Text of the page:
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Evidence suggests that 1 in 3, or more than 10 million Canadians are living with a brain condition today (5.5 million with a neurological condition; 4.9 million with a mental health challenge – extrapolated from data presented by The Society for Neuroscience, USA).
In their 2006 publication Neurological disorders: public health challenges, the World Health Organization concluded that “a large body of evidence shows that policymakers and health-care providers may be unprepared to cope with the predicted rise in the prevalence of neurological and other chronic disorders and the disability resulting from the extensions of life expectancy and aging populations globally.”
To address this issue, and the present-day needs of the over 10 million Canadians living with a brain condition, a group of neurological health charities came together in 2008 to collaborate as Neurological Health Charities Canada (NHCC). The coalition is actively engaged in driving policy at all levels of government. Membership continues to grow.
To date, the NHCC has successfully advocated for a national population study of neurological conditions across Canada, and the beginnings of a provincial brain strategy in Ontario. The NHCC is currently working to engage the Government of Canada in the development of a national brain strategy.
The brain is a complex organ, made up of 100 billion neurons (brain cells) – and it is the least understood. Ninety per cent of what we have learned about the brain as been in the past fifteen years, but researchers still have far to go toward fully understanding brain function.
What we do know is that there are more than 1,000 diseases, disorders and injuries affecting the brain, spinal cord and nervous system (brain conditions). Most are progressive and degenerative, with no known cause or cure. And, while therapies exist for some conditions, in most cases, there is no way to stop or even slow the progression.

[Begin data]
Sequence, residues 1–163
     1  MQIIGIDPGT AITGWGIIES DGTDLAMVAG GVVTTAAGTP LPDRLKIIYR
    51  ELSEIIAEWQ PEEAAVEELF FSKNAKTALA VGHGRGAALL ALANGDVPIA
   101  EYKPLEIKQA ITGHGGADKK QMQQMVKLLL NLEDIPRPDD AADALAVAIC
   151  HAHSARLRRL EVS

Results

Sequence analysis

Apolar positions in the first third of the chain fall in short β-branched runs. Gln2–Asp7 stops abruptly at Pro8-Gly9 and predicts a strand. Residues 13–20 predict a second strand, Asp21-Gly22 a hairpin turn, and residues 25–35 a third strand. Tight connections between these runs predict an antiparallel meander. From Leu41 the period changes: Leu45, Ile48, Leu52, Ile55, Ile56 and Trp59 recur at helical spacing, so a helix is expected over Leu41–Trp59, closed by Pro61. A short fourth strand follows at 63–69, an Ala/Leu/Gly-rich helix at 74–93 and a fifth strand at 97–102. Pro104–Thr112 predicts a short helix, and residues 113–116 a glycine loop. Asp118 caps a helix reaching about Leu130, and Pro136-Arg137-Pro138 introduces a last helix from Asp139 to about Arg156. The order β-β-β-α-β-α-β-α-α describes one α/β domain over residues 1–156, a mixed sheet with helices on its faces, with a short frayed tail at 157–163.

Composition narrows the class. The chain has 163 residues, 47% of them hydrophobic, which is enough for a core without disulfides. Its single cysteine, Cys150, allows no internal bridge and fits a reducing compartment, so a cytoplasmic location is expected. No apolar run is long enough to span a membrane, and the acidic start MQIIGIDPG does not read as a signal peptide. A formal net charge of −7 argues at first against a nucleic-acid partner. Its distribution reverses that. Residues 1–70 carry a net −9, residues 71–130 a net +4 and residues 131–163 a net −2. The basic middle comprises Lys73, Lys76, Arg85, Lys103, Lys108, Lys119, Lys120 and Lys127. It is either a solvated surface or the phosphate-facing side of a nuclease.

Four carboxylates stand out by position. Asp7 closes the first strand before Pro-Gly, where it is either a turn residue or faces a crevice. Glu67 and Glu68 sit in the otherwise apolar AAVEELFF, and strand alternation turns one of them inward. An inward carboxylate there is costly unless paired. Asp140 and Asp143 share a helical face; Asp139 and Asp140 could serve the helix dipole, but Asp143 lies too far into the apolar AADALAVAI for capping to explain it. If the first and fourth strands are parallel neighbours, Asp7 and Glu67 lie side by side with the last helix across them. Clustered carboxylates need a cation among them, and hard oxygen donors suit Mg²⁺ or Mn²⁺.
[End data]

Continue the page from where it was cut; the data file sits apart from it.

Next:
NeuroScience Canada reports that one in three Canadians will be affected by one or more of these brain conditions at some point in their lives. Brain conditions are not a normal part of aging; however we do see an increased incidence associated with aging. As the Canadian population ages, the impact of brain conditions will be staggering.
Brain conditions do not discriminate. They strike men and women, young and old. The resulting burden manifests not only the health of our citizens, but also our communities and social systems, and our economy. The enormous burden of these conditions has been seriously underestimated by traditional epidemiological and health statistical methods.
Within the next 20 years, brain disorders will become the leading cause of death and disability in Canada. Policymakers and health care professionals are not prepared to cope with this predicted rise in brain disorders. Recently, the Government of Canada invested in the issue of mental health however to adequately plan for the full impact of brain disorders, policymakers must also acknowledge and invest in the full spectrum of neurological and psychiatric conditions.